Okay, enough about flatties. Lots of other spiders can go airborne under the right circumstances — using a totally different process that involves silk.
If you've read the classic children's book "Charlotte's Web" by E.B. White, or seen one of its movie adaptations, then you already know where we're going with this. The story's title character is a kindly barn spider. After Charlotte passes away, her pig friend Wilbur watches all but three of the arachnid's children float into the distance on little balloons made of silk.
White wasn't just using artistic license here; this "ballooning" behavior is something naturalists have known about since the 17th century.
Various spiders have the ability to travel through the air for literally hundreds of miles (or hundreds of kilometers) by riding strands of their own silk. Doing so helps the species populate new territories.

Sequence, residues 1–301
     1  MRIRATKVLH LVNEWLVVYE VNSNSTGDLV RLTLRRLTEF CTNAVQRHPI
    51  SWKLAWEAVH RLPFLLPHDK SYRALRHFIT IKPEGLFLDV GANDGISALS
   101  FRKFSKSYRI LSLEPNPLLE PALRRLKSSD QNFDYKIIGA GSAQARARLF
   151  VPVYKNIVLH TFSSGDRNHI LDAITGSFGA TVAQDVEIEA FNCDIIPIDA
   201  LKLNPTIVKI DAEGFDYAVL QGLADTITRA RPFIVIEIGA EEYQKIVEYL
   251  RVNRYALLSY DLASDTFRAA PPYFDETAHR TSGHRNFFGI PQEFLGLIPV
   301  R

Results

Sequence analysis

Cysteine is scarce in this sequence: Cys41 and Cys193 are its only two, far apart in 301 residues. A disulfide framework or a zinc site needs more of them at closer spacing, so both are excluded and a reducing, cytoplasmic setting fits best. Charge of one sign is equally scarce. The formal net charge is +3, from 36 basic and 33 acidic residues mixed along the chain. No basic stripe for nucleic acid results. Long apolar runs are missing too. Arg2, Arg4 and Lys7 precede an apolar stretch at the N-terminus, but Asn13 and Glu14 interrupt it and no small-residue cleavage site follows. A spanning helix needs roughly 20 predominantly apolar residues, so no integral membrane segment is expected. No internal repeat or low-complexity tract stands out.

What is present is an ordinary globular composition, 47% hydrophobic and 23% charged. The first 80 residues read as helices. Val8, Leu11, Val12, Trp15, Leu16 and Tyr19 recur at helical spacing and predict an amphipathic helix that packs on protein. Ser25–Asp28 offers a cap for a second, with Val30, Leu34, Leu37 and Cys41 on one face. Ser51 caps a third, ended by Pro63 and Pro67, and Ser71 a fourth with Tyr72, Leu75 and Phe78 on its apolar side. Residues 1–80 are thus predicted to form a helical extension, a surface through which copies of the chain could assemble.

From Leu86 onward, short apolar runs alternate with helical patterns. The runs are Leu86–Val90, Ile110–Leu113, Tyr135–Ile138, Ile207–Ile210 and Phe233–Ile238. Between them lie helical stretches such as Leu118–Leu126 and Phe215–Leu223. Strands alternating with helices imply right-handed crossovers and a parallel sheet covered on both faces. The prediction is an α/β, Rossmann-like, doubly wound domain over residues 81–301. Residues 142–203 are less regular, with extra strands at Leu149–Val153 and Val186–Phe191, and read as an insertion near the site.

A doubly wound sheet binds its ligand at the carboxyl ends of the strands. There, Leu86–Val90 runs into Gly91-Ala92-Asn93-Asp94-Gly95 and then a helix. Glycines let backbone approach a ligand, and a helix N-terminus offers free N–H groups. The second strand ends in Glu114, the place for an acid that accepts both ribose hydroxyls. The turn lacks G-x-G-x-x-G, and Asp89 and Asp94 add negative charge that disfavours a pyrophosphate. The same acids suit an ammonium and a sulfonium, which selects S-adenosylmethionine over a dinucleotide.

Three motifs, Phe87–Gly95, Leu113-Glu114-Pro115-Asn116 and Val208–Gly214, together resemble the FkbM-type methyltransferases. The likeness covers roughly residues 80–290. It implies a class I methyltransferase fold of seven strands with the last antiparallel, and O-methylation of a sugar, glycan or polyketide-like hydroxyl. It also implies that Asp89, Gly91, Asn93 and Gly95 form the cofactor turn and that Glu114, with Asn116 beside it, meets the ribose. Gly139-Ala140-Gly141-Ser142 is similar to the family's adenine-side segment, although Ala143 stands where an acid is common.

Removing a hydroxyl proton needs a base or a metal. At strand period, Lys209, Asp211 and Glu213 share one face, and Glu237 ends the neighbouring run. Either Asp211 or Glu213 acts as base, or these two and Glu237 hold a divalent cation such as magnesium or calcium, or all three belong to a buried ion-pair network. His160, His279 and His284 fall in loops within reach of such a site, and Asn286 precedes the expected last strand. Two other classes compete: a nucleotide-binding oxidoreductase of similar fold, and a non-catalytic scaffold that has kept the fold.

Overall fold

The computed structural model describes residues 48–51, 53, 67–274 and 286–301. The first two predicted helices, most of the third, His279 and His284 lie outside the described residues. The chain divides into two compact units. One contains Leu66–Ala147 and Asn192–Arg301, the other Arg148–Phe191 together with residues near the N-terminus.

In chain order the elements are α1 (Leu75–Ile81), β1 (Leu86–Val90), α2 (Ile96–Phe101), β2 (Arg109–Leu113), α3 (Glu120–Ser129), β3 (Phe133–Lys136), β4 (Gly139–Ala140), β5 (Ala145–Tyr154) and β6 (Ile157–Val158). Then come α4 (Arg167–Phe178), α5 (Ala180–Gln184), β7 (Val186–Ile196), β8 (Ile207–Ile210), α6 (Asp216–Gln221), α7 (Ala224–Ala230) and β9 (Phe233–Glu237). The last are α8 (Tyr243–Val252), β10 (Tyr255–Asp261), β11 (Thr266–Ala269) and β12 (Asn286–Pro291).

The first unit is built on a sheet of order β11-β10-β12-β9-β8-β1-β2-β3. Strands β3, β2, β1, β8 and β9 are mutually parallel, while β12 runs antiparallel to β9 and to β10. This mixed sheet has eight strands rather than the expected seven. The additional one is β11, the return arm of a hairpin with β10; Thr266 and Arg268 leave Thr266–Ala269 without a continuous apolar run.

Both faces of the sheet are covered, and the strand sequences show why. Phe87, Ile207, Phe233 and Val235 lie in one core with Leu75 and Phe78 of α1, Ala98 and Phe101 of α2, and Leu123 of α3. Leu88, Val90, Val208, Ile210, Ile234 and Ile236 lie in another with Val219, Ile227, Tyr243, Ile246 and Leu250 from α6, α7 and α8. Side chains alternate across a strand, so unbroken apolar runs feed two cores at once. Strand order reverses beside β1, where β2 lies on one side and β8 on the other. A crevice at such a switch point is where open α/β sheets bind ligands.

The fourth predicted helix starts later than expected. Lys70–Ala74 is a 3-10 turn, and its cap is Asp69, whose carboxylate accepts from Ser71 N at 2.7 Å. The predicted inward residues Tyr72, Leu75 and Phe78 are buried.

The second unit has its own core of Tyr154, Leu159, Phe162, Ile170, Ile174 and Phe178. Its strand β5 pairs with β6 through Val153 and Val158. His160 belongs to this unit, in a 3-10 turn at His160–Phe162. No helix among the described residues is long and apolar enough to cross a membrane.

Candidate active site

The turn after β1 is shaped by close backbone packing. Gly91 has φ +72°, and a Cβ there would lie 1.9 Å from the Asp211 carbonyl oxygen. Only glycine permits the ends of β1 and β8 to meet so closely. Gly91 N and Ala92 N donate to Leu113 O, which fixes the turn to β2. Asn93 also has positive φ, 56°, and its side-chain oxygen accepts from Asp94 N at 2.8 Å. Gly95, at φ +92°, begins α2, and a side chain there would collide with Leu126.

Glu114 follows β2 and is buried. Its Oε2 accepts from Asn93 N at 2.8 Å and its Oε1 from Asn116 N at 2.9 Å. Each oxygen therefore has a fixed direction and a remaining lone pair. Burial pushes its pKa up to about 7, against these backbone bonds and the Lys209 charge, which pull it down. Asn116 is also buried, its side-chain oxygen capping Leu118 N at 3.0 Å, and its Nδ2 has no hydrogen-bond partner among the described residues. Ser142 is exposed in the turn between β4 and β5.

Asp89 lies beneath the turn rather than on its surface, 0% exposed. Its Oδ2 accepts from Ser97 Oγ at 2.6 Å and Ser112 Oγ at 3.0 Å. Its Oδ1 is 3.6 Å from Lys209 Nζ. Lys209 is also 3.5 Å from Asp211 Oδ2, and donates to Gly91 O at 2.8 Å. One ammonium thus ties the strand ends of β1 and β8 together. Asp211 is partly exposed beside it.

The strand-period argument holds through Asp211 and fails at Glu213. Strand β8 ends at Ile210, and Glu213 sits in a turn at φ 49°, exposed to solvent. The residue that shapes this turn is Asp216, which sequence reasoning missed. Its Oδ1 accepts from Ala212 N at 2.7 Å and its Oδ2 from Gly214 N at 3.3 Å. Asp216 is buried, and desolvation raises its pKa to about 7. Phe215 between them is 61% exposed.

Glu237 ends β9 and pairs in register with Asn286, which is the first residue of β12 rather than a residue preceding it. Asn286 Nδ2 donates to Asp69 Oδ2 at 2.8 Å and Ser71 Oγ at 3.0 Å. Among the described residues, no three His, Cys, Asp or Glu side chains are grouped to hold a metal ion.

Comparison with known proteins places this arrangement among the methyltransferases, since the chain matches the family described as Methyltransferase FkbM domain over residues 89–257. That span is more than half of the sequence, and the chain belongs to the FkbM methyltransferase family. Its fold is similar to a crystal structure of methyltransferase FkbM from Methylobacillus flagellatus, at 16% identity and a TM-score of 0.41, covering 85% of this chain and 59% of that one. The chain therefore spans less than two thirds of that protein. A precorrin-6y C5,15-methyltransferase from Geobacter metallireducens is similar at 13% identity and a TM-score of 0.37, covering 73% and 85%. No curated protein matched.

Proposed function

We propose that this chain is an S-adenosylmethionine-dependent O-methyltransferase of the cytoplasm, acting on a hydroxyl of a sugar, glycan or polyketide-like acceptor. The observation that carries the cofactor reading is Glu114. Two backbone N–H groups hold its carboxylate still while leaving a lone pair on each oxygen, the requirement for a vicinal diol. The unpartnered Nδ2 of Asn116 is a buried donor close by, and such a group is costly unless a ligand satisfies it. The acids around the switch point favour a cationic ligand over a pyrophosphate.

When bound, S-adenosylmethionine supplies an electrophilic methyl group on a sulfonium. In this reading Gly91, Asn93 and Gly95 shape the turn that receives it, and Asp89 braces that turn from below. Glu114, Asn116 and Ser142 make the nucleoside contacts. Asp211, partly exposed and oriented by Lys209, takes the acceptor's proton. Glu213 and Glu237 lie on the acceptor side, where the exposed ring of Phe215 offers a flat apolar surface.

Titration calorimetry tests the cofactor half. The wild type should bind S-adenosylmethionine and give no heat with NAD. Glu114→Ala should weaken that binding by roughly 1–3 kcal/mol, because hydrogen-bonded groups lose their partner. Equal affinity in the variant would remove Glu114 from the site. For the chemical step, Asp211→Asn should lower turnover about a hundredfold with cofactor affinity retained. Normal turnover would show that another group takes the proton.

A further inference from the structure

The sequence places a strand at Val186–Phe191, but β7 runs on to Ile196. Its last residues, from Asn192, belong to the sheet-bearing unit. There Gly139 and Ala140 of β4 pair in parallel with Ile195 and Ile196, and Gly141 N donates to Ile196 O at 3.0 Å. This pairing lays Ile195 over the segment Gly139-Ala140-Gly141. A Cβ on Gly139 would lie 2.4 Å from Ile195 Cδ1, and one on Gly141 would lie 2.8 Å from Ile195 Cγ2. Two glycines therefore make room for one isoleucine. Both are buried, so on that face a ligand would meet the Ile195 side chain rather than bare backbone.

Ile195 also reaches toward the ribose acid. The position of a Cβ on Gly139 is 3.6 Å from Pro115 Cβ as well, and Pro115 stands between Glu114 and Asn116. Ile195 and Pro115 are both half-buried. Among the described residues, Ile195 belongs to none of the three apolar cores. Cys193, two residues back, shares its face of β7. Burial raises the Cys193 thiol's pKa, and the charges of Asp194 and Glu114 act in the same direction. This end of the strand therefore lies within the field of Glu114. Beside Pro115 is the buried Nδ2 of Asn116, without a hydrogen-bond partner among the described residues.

Ballooning is popular with baby spiders, or "spiderlings," who might run the risk of getting eaten if they hang around their parents and siblings too long. However, some adult spiders use the same transportation method.
Experiments conducted in Berlin indicate that ballooning crab spiders raise their front legs upwards to test the wind before taking flight. It would also seem they'd prefer to stay grounded unless there's a warm breeze outside moving at less than 9.84 feet (3 meters) per second.
Furthermore, at least some spiders use electric fields to acquire lift and become airborne when they go ballooning — as demonstrated by a 2018 paper in Current Biology.
One last thing: Did you know floating spiders have been seen cruising along as high as 2.48 miles (4 kilometers) above ground level?
Yeah, maybe don't tell your arachnophobe friends about that....